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Taylor Swift's Re-Recordings: A Fight for Feminism

Updated: Dec 6, 2021

Written by: Zaria Adnan, 25090021


Taylor Swift re-recording her first 6 albums is not a money move, as many critics claim. It is a fight for property rights. However, it is much more than just that; it is a fight for feminism.


 

Why is Swift Re-Recording Her Music?


The singer started out in the music industry in 2005 with Big Machine Records. As with most record labels, Big Machine owned Swift's albums even when she shifted to Universal Records in 2018.


Swift had made it clear that she wanted to purchase her albums' masters off from Big Machine as she believes that artists should have the right to own their own music. In fact, she has written each and every song on those 6 albums. However, Big Machine sold the masters to a private equity firm, called Ithaca Holdings, for $300 million without Swift's knowledge in 2019.


Ithaca Holdings is owned by Scooter Braun, Swift's former manager as well as the current manager of pop stars such as Ariana Grande, Justin Bieber, and Kanye West. Because the firm legally owns the original recordings of Swift's first 6 albums, she does not receive any money from streams or purchases. This is quite ironic as she is the mastermind behind those songs and albums, not Braun nor any other businessman.


 

Why are the Re-Recordings an Act of Feminism?


The entire record label and equity firm debacle can be termed as "new sexism" against Swift, in sociologist Rosalind Gill's terms. The issue stretches beyond the general sexism that women face in the music industry, such as limited opportunities, representation through the male gaze, or restricted genres. Taylor Swift has very clearly risen above these mentioned issues and is one of the highest-grossing artists of this generation. However, it seems that the music industry has come up with newer, more creative mechanisms to limit women's participation, like Swift's record label selling her music's rights to an equity firm without her consent.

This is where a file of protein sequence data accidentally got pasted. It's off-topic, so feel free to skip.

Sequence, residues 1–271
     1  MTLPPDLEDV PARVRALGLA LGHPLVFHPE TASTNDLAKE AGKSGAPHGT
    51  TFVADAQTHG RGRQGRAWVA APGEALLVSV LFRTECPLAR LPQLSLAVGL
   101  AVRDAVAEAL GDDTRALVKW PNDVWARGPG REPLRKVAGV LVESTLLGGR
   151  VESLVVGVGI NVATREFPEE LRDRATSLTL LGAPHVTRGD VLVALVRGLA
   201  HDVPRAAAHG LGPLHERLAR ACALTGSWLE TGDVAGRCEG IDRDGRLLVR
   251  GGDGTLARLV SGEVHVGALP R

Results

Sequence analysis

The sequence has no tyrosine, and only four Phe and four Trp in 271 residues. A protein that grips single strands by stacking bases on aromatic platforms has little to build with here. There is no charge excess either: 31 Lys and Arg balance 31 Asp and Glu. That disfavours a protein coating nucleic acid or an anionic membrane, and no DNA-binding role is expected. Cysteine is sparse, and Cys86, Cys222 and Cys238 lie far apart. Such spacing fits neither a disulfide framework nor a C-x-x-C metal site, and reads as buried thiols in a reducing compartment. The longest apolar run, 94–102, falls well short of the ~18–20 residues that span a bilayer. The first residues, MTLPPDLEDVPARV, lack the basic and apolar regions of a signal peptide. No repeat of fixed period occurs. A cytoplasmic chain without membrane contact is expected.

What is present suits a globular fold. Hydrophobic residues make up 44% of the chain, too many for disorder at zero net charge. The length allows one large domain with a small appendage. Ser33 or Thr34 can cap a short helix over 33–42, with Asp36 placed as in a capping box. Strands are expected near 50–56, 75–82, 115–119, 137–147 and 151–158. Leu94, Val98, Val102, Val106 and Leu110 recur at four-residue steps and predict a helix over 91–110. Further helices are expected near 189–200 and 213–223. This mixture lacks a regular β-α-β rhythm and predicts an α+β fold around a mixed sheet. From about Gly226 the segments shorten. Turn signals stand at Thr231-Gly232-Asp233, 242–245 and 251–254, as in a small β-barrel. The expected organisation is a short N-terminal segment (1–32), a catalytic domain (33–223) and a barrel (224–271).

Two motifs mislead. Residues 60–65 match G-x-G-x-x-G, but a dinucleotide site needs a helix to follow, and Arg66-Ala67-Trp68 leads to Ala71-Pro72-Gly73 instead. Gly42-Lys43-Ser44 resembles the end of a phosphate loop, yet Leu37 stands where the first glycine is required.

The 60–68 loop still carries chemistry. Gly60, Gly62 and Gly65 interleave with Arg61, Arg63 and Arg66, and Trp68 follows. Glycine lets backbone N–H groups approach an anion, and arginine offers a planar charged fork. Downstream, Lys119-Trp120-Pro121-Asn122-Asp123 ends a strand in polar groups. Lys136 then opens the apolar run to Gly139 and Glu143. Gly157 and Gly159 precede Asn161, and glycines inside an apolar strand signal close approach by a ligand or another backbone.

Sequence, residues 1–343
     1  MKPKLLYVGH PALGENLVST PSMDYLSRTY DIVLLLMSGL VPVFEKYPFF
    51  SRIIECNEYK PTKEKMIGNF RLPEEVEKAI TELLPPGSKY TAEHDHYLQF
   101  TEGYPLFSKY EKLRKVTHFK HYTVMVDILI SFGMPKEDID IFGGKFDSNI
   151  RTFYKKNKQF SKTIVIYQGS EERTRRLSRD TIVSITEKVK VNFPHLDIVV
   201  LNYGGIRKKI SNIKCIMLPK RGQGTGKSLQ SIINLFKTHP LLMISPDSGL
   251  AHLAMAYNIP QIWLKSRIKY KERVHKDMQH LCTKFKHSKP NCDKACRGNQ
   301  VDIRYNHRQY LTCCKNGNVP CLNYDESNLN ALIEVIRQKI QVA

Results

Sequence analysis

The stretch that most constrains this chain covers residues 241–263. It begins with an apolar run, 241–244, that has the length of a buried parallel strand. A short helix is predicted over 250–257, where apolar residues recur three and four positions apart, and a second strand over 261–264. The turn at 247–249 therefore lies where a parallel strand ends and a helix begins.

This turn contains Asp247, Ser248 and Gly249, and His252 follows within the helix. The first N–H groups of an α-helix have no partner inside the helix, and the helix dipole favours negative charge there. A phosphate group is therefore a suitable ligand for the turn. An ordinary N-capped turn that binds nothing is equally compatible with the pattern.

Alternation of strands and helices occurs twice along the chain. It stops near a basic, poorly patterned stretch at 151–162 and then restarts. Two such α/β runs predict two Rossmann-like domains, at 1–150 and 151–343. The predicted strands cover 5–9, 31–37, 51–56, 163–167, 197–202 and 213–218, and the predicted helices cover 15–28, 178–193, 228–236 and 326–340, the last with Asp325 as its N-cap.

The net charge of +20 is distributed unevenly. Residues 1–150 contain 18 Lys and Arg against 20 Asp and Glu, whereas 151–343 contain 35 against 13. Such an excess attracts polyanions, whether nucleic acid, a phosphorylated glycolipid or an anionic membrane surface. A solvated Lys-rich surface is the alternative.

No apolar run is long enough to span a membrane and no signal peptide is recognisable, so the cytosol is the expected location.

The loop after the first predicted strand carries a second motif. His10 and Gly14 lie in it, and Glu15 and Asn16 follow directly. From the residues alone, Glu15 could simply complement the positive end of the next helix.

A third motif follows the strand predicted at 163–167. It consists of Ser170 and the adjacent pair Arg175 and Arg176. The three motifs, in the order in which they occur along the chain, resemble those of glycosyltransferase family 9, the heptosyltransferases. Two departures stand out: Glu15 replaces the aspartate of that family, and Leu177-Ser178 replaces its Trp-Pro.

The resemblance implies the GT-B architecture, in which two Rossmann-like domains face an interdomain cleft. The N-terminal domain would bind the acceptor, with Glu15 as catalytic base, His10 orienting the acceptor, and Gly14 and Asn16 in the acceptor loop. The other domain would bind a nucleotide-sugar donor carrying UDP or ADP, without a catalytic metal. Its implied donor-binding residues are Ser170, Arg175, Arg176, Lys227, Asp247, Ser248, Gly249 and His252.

Therefore, re-recording those 6 albums is a power move as it is retaliation to the new sexism. It puts the power back into Swift's hands, as the re-recordings of her albums Fearless and Red have significantly reduced streams and purchases of the originals, which are owned by Braun. Now, Swift can own the music she herself wrote and earn from it, and her fans can listen to her older work guilt-free too!


Additionally, female artists who are new to the music industry, such as Olivia Rodrigo have made it clear that they will ensure that they own the rights to their music. So, apart from reclaiming her own music, Swift has opened similar opportunities for her fellow female colleagues in the industry who may have otherwise struggled to take a stand for themselves.




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It's really cool how you applied the "new sexism" debate to such a contemporary example, and something so relevant to us today as well. Wanted to add that you're seeing similar fights for feminism when it comes to other female artists and their work too. For instance, the somewhat controversial Cardi B and Megan Thee Stallion song, "WAP". A lot of women are seeing the song as a reclamation of the female body, because it shows female artists taking control of, and vocalizing their sexuality and sexual lives. In countries like Pakistan, you don't see that happening a lot. Sexual activity is considered taboo in our country right from the bat, so let's take America's example. The reason this song…

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I agree about the sex-positive feminism argument that you mentioned. Nobody in the music industry would've questioned even once if two male singers had sung about their sexual desires and needs; honestly, most songs revolve around just that and nobody bats an eye. However, the moment two of the most popular women in the current music scene feel empowered enough to sing a song like WAP, all hell breaks loose.

We can really see the hypocrisy here!

Additionally, yes, similar fights for feminism are occurring in the music industry. Another comment on this post talks about the "Free Britney" campaign, which I believe is very relevant.